July 8, 1999
Alan M. Dershowitz
Felix Frankfurter Professor of Law
520 Hauser Hall
Harvard Law School
1575 Massachusetts Avenue
Cambridge, MA 02138
You have made a number of statements which harm the interests of John Demjanjuk, either by affirming his guilt, or by affirming that legal proceedings against him have been fair. To take one example, when once-Soviet-dissident turned Israeli politician Natan Sharansky met with John Demjanjuk and expressed an interest in his case, you sabotaged the possibility that Sharansky would support Demjanjuk:
I notice that Natan Sharansky's name is not among the signatories to the Appeal by former prisoners of conscience to Israel on behalf of John Demjanjuk of 1993. Perhaps keeping Natan Sharansky from signing that appeal is one of the accomplishments for which you can take credit.
However, my impression is that your statements concerning John Demjanjuk are misinformed and possibly duplicitous. The consequence of your statements may be that you injure an innocent man, that you degrade the image of Ukrainians, that you damage Ukrainian-Jewish relations, that you lower Jewish credibility, and ultimately that you diminish your own reputation — a sort of danger that is appreciated not only by myself:
I will open my case against you with a demonstration of what appears to be your public misrepresentation of the nature of the audience reaction upon the death sentence being pronounced against John Demjanjuk — which reaction bears some relevance to the question of whether John Demjanjuk had been given a fair trial.
Was Out of Control
What the first two days of trial testimony say
Upon reading Yitzhak Arad's testimony on the first two days of John Demjanjuk's Jerusalem trial, I counted nine notices being taken of unruliness in the audience. This unruliness seemed to be directed at the defense, and it was at one point characterized by defense counsel O'Connor as "hissing and booing," to which depiction judge Levin did not object. The Israeli judges allowing the audience to hiss and boo the defense might be viewed by some as not easily discriminable from the Israeli judges allowing the audience to harrass and intimidate the defense. Below I reproduce two of these nine instances:
The impression that is gained from a reading of the court transcript is that the Israeli judges lost control of the audience in the first two days of testimony of the trial.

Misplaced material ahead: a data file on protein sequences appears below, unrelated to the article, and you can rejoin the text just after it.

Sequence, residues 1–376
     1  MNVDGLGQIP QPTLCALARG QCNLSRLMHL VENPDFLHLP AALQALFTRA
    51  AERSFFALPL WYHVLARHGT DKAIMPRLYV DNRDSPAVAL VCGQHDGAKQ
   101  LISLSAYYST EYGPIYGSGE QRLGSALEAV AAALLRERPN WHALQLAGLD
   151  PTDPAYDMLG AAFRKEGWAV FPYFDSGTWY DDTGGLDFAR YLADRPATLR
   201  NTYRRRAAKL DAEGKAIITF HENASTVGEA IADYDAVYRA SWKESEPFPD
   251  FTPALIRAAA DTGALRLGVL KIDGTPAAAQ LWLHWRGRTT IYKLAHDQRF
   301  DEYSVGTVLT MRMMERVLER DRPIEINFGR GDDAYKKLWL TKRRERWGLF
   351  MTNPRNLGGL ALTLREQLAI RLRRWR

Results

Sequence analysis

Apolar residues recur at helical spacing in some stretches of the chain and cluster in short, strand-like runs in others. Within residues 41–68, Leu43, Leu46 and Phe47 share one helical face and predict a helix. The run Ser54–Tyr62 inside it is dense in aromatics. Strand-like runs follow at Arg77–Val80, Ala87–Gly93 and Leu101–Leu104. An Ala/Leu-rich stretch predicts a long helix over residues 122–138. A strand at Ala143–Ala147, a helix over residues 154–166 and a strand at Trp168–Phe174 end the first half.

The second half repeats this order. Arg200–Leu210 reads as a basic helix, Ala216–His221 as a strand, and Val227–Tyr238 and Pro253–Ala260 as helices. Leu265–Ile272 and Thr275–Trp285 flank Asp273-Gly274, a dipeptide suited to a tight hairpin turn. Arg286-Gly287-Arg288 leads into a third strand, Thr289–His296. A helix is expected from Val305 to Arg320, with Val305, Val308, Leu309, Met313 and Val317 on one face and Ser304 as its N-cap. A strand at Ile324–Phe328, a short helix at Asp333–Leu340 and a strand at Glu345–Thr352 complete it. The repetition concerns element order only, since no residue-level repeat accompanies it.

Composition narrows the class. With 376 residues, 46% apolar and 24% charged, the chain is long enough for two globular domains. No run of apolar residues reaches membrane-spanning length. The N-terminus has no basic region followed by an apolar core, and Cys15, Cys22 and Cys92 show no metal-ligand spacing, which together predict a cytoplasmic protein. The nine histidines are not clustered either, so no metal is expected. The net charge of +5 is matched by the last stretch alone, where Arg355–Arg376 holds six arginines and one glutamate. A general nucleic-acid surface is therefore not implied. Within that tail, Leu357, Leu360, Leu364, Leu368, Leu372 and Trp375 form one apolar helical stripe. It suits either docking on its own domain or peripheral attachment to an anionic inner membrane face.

accords with what Yoram Sheftel says
Thus, it surprises me not at all that by the end of the trial, the audience had turned into a mob. In the words of Yoram Sheftel, John Demjanjuk's Israeli defense attorney:
That among the shouts was indeed "Death to the defense attorney" is testified to by its being affirmed in the defense's statement of appeal:
and accords with what Lord Denning says
And when Lord Denning commented on the Demjanjuk case in a letter to the Daily Telegraph of 28Apr88, his information concerning audience response seemed to correspond to Yoram Sheftel's account above:
All of the above paints one consistent picture of an audience that was out of control at the beginning of the trial, and that deteriorated into a lynch mob by the end.
Thus, I was surprised to read in your reply to Lord Denning the following discrepant account of the same event:
Thus, your account can be seen to differ radically from that of Yoram Sheftel and of Lord Denning:
(1) When did the main eruption take place?
Whereas you place the onset of the audience eruption after the judges left the auditorium, Yoram Sheftel and Lord Denning depict it as being triggered by the pronouncement of the sentence of death.
(2) How many participated in the eruption?
Whereas you restrict the number participating in the eruption to "a small number of people," Yoram Sheftel and Lord Denning do not express any similar restriction.
(3) What did the eruption consist of?
Whereas you depict the eruption as starting with muffled sobbing, and only after the judges had left the auditorium being followed by prayer and singing, Lord Denning's information is that there was immediate clapping, cheering, and dancing, and Yoram Sheftel's recollection is that there was immediate cursing, shouting, screaming insults, stamping feet, waving fists, and chanting which often employed the word "Death!" and which often specified the target whose death was desired. Your stating that "there were few cheers" is the closest you come to acknowledging that the audience behaved inappropriately, and your wording waffles as to whether you are acknowledging that "there were indeed a few cheers," or whether your meaning is closer to "there were effectively no cheers."